I hate to be the bearer of bad news, but I think we're in for a little turbulence in the smart home market.
Not because the market isn't growing. It is. It's just not growing in a way that can make every investor, startup and big tech company happy.
This isn't completely unexpected. Markets - especially new consumer technology markets as they are searching for defining use-cases, form factors and hero products - take time to figure themselves out.
The smart home industry is trying to figure itself out.
In the meantime, some investing in the space are disappointed in their early results. Companies like Best Buy, Lowe's and others that have jumped into this market with gusto aren't always seeing the type of demand they want for the products given the amount of shelf space they've allocated.
The early success has come in a few product categories like cameras, thermostats, maybe a few door locks. In other words, product categories consumers get immediately. Sales of smart home "systems" that include hubs and multiple devices have been selling more tepidly.This is a market education and messaging issue, as consumers still don't fully get the concept of the smart home and certainly aren't convinced they need to plop down hard earned cash for one.
But let's not blame the consumer. They can't be expected to understand the smart home while the smart home industry is still trying to figure itself out.
It reminds me of the prehistoric days of the video streaming market in 2004 when we in the industry knew at some point consumers would stream video and other great content to their TVs and around the home, but the consumers didn't yet know it. Startups were taking early stabs at creating new categories like the media adapter (nostalgia link: here's me writing about one for Network World), while others like Microsoft tried to build media streaming systems around their existing strengths and ultimately failed.
But the comparison isn't perfect, because unlike whole-home video streaming, the smart home has been around in some form or another for 30-40 years. This early market of X-10 and other tech led to a more modern generation of DIY smart home products, brands such as INSTEON and then Mi Casa Verde, businesses built upon the hard work of their founders, who through grit and determination managed to create a market and community around their products and ecosystems. Other companies like Belkin entered the market with WeMo, finding success with an approach built around Wi-Fi. And then we saw a rush of upstart efforts like SmartThings, Revolv, Wink, Iris and Staples Connect, each with different but similar approaches.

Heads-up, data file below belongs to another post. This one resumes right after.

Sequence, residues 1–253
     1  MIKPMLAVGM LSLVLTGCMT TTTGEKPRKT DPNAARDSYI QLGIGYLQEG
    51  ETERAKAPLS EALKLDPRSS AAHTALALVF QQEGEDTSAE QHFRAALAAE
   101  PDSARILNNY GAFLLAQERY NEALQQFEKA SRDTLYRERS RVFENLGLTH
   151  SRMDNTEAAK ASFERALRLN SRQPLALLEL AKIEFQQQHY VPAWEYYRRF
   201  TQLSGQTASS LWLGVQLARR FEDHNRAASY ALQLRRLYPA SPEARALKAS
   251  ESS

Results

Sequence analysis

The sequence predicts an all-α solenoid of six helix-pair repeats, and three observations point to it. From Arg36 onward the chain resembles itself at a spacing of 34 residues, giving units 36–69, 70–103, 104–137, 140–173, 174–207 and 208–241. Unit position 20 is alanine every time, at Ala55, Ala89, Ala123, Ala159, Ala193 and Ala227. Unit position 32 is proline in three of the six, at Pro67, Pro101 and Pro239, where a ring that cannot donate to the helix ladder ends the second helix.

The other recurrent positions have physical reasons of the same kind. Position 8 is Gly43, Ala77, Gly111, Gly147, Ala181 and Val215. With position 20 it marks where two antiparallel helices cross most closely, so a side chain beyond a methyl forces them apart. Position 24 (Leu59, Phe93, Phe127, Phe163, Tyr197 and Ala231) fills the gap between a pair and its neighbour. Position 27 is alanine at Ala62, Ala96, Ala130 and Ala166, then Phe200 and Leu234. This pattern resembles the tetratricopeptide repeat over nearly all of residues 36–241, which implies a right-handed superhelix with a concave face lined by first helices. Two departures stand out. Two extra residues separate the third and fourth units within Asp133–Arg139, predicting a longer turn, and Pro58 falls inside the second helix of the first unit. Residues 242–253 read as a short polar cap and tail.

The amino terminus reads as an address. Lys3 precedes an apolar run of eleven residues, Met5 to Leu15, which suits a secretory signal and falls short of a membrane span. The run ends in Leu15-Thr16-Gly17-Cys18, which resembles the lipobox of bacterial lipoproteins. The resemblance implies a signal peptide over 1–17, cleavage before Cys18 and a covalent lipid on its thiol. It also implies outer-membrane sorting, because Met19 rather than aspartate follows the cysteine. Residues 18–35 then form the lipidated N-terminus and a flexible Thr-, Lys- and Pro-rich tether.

All the while, consumers weren't paying all that much attention. When they did decide to buy a product we in the industry consider a "smart home" system, the consumer thought they were buying a network camera to watch their dog or a connected thermostat to maybe save a little money.
In the meantime, we have new efforts like HomeKit and Google's Weave/Brillo that hold some promise. We have obvious demand for products like smart home security systems because, well, consumers understand home security.
In other words, the industry is slowly figuring itself out, doing the hard, grinding work it takes to develop underlying technology that can lead to new services that consumers eventually will "get" and maybe find indispensible someday. But in the meantime, you have companies like Wink, who we recently learned seems on the brink, beleaguered by a combination of near blinding audacity of its parent company Quirky, product recalls and softer than expected demand for things called hubs. And Wink is probably the tip of the iceberg. I think there may be other companies or divisions like Wink, wholly invested in product strategies that might not be the resonating with the market, that we'll likely learn about soon enough.
The good news is we'll get there. We have some hero products that are seeing strong demand, we have big service providers investing tens of millions of dollars in market creation, and Apple and Google are doing what they do. We have innovative startups still innovating, in horizontal categories like interfaces, cloud rules engines and more, while there are also some exciting stuff going on in product categories like water, yards, smart kitchen and more.
Wikipedia defines a market shakeout as "a term used in business and economics to describe the consolidation of an industry or sector, in which businesses are eliminated or acquired through competition."
It goes on to say that "shakeouts can often occur after an industry has experienced a period of rapid growth in demand followed by overexpansion by manufacturers."
I think we'll see more of both of these, rapid growth and consolidation. Rapid growth in hero categories and, eventually, fuller smart home "systems" as the market figures out what those should look like as the consumer tells them what they like. Consolidation too, as companies who have developed technology either don't find enough of a market themselves or need to fall into the hands of someone with deeper pockets who think they can develop the market.
Either way, buckle up. It's going to be an exciting but bumpy ride.
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